Today is International Holocaust Remembrance Day. I didn’t know until 3pm thanks to mindless scrolling on social media. Particularly because I am in charge of the editorial calendar for this site, days like this don’t sneak up on me. But this year? It caught me off guard. There is so much going on right now — both in the world and in my own home — that I’m out of touch with the world’s rhythms and acknowledgements. I wonder, are you? Are we all?
Not long ago, in the history of our world, the Nazis murdered 6 million Jews. I’ve seen a stat – that checks out – floating around the Internet. If we held a minute of silence for every victim of the Holocaust, we would be silent for 11 and a half years. The magnitude of what the world lost is hard to wrap my mind around.
Yet we have to realize that these numbers and statistics signify real people. It’s easy to hear or see “6 million” and move along quickly. Yet, they were 6 million mothers, fathers, children, grandparents — actual human beings — whose lives were taken mercilessly.
I have three kids and, once in a while, I go to dark places. My very visual brain imagines them alone and afraid — thrust into an unsafe situation I hear about in the news or learn about from history. I think, for example, what if we lived in a different country or time? What if that country was unsafe and we were forced to flee? What if we were separated? I imagine my three young daughters terrified and unprotected. My inability at times to separate myself and my family from the stories I read and the news that I see can make it hard to sleep at night.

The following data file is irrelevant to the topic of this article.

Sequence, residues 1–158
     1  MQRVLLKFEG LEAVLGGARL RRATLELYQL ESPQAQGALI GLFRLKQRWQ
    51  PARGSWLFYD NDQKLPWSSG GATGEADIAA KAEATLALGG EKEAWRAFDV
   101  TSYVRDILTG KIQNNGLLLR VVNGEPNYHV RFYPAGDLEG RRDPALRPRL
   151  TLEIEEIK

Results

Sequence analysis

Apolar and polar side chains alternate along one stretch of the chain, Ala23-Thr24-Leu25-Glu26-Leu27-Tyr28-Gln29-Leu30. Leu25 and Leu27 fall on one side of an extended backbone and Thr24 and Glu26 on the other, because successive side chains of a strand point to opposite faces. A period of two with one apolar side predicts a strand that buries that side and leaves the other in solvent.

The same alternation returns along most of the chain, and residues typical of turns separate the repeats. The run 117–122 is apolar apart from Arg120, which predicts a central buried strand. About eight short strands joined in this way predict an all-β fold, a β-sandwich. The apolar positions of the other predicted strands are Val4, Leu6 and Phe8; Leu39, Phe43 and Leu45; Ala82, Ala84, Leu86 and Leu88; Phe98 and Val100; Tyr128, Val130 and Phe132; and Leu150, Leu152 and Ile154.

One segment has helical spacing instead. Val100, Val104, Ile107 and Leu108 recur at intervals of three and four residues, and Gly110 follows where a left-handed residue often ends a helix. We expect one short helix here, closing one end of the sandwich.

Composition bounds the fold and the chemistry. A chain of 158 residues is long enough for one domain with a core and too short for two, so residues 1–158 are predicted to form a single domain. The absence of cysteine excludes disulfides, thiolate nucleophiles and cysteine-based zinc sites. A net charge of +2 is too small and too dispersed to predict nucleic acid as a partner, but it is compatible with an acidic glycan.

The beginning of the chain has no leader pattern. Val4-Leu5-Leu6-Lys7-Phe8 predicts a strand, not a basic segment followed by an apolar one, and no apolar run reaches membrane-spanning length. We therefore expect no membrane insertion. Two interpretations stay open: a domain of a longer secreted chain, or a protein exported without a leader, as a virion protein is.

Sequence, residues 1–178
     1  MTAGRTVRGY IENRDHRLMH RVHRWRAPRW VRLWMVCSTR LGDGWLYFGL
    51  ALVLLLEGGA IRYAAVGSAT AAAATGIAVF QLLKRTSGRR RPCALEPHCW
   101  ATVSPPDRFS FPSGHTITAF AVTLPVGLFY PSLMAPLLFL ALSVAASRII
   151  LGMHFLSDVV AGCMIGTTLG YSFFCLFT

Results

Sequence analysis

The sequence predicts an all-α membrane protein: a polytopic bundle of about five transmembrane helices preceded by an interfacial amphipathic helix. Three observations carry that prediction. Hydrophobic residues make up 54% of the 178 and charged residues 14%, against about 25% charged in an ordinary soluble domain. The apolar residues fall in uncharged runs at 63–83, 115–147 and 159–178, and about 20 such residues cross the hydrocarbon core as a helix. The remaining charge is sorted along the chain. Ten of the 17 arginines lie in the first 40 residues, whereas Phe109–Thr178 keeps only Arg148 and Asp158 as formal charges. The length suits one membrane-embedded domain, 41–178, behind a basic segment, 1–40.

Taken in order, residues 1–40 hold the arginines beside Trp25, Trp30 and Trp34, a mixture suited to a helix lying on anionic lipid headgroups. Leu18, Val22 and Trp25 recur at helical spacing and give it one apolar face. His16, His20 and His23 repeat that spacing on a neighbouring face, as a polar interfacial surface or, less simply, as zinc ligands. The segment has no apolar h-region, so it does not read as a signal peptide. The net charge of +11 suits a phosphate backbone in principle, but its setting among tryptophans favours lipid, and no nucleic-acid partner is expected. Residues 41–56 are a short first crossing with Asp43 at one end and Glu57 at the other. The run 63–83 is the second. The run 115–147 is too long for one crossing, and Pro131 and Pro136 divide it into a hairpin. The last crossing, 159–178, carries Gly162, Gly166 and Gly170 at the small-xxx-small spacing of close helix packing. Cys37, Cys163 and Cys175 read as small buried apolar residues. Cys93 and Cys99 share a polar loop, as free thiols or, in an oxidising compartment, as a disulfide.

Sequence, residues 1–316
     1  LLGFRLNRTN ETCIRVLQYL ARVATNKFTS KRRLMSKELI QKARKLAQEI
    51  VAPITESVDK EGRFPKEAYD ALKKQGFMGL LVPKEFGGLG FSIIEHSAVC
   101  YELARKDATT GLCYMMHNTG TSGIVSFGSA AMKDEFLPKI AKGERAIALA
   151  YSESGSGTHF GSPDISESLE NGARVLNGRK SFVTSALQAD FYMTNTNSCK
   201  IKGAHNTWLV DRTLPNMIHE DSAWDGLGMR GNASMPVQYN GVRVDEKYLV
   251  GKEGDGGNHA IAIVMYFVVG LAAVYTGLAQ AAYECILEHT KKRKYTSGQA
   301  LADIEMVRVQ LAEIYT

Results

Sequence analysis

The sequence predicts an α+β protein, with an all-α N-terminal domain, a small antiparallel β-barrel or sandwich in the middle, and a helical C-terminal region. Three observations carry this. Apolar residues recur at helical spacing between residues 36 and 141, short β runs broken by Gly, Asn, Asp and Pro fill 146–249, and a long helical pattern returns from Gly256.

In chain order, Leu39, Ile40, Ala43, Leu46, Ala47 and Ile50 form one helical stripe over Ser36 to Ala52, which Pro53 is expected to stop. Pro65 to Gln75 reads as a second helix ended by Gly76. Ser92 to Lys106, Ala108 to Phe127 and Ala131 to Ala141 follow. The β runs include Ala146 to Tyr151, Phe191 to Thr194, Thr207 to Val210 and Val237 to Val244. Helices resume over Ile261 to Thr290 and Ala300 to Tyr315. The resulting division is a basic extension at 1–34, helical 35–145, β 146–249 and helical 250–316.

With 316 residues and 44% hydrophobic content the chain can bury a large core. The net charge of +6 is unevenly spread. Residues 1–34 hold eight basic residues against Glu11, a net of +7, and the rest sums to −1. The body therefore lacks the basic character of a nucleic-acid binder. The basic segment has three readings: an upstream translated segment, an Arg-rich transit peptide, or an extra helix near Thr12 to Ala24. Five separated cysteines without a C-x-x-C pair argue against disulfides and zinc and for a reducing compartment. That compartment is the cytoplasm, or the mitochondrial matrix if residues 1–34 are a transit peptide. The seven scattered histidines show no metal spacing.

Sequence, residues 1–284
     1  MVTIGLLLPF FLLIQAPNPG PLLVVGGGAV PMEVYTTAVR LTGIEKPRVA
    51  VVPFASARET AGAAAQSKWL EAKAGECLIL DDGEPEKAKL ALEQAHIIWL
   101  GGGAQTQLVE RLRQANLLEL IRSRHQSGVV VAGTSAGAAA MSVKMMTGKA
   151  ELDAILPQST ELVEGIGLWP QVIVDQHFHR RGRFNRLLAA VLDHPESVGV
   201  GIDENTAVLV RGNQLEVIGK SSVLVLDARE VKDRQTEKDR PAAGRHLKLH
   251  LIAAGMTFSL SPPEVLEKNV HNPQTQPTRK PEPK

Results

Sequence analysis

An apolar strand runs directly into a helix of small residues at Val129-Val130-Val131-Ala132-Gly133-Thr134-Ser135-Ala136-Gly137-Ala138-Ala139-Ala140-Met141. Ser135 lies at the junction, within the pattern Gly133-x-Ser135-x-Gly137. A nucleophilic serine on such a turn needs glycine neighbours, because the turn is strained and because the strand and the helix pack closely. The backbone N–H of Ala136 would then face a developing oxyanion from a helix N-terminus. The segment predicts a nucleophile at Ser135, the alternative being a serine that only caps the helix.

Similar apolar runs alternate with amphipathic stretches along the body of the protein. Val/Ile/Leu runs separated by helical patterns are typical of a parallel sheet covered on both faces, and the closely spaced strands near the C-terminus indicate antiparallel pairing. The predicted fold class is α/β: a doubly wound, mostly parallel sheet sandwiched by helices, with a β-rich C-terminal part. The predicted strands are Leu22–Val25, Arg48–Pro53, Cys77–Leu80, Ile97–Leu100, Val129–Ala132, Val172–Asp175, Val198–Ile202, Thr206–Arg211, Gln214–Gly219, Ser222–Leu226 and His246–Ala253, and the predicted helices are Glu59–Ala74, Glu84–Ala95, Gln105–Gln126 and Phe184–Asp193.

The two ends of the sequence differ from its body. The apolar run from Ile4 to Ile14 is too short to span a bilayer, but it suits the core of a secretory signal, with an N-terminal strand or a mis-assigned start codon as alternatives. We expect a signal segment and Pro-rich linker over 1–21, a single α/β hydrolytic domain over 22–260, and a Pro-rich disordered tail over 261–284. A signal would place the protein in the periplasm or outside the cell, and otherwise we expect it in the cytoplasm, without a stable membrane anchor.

Yet as disturbing as these “what ifs” are, they lead me to a very important truth: this history isn’t ancient history. And these people we learn about are not strangers.
The Holocaust was 80 years ago. 80. That’s not so very long ago. Yet we love to separate ourselves from it. We long to think of it as another life or another world. We imagine 100 degrees of separation between us and the lives lost during Hitler’s reign.
And perhaps more critically, we imagine the bystanders and the perpetrators of the Holocaust to be wholly other. A different species, a different make. Surely not like you and me.
Yet, I’m sorry to say, this isn’t the case. Bystanders. They’re just like us!
On January 6th 2020, we saw images of people in shirts with sayings like “Camp Auschwitz” or “6 Million Wasn’t Enough”. The Anti-Defamation League found that Antisemitic incidents surged in 2019. In our own state of New Hampshire, two State Representatives have shared antisemitic material in public spaces. And they still hold their offices.
This all shocked me. I thought we were so far from this. How foolish I am.
I created the distance between antisemitism and me. By imagining a chasm between antisemitism “back then” and the world in which we live, I became part of the Bystander Problem we have in this world. I was willfully blind and ignorant to what was happening around me! We still have so much to learn. And we prove that time and time again as human beings.
We long to put the past behind us. Yet it doggedly pursues us — since we refuse its teachings.
As the Secretary General of the United Nations remarked at the opening of the exhibition marking the seventy-fifth anniversary of the liberation of Auschwitz-Birkenau in 2020,
“NEVER AGAIN” MEANS TELLING THE STORY AGAIN AND AGAIN.
I invite you today and onward, to reflect this International Holocaust Remembrance Day. .
Reflect on the dead. Think about the moms and the dads. The children and the grandparents.
Consider the bystanders. The quiet majority that said nothing and did nothing as their neighbors were taken away.
Consider the perpetrators who bore that hateful symbol and carried out the atrocities.